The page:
Russia has targeted the Patriot before. On May 4, Ukraine’s Air Force said it had intercepted a Kinzhal — using the Patriot targeting system — for the first time since the start of the war in February 2022. Three senior US officials confirmed the shooting and said they received information. about the strike from the Ukrainian military. An official added that US military analysts confirmed the claim using technical means.
Tuesday’s attack in Kyiv was the eighth major attack in the city this month. The barrage was unusual in the number of missiles launched in a short period of time, said Serhiy Popko, the head of Kyiv’s military administration. Ukrainian officials said the attacks were aimed at exhausting their air defenses.
The sky above Kyiv lit up around 3 a.m. Tuesday with loud explosions as air defenses collided with incoming missiles, raining debris across the city. At least three people were injured, according to the town’s mayor, Vitali Klitschko. Cars caught fire, a building was damaged, and debris fell on the grounds of the Kyiv Zoo, Mr. Klitschko said. None of the animals or workers were injured, he said.
Russia also launched nine Kalibr cruise missiles from ships in the Black Sea, three short-range ballistic missiles from land and a number of drones, according to the commander in chief of the Armed Forces of Ukraine.
The aerial attack in Kyiv came amid reports that the head of Ukraine’s Supreme Court, Vsevolod Knyazev, was jailed after he was accused of a corruption scheme in which he received $2.7 million in bribes. A prosecutor confirmed the arrest during a news briefing and said others were also being investigated.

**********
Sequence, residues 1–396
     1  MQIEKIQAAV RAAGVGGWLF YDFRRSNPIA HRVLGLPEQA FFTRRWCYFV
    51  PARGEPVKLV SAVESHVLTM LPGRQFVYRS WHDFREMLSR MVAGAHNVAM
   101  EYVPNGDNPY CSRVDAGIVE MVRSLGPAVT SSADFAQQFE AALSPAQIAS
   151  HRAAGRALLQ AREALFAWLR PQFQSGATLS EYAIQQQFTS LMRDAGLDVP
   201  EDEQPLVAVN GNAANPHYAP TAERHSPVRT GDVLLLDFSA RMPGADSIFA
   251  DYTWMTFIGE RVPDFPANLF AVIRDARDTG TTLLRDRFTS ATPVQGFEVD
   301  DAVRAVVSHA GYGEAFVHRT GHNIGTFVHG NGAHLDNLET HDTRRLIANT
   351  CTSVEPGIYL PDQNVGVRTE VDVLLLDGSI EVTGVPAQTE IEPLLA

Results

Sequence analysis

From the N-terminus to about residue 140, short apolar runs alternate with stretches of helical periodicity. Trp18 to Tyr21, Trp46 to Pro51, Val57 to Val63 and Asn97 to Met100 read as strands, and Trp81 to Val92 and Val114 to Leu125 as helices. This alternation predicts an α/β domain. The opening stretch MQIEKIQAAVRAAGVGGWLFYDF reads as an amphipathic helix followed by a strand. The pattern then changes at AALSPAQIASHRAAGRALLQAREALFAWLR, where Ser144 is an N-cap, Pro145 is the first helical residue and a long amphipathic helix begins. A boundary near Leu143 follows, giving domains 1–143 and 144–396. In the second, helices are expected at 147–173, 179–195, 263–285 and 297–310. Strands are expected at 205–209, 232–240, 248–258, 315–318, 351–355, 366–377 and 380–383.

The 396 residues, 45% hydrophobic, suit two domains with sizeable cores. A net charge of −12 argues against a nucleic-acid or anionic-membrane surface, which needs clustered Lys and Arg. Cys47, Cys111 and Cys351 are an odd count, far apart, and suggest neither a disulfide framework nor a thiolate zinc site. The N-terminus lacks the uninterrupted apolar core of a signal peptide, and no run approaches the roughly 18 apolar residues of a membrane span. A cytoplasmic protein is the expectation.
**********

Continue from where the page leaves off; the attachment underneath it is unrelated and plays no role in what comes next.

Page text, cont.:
The chief magistrate and a lawyer were caught “red-handed while receiving an illegal benefit,” Ukraine’s Specialized Anti-Corruption Prosecutor’s Office said on the Telegram messaging app.
“This is a dark day in the history of the court,” the high court judges said in a statement. “We must be worthy and able to withstand such a blow.”
The arrest comes amid ongoing pressure on Mr. Zelensky from Western allies to fight corruption before any talks to join the European Union, and as doubts grow in the United States about billions in foreign aid flowing to Ukraine.
Earlier this year, Mr. Zelensky doubled down on high-profile enforcement aimed at maintaining confidence in the country’s wartime government, with authorities raiding officials’ homes and offices, and some officers fired.
The latest bombing in Russia happened as Mr. Zelensky posted a video of himself on a train returning to Kyiv after a four-nation tour of Western Europe where he secured billions of dollars in pledges for military aid.
Britain has promised air-defense missiles and drones in addition to the long-range cruise missiles it recently delivered. Germany said it would provide a nearly $3 billion package including air defense systems, drones, Leopard tanks and armored fighting vehicles.
Later, after Ukraine shot down Russian missiles, Mr. Zelensky said in his evening speech: “We’ve heard before that the Patriots are not realistic. And now, here they are, Patriots.”
Reporting was contributed by John Ismay, Helen Cooper, Daniel Victor, Anushka Patil and Justin Jones.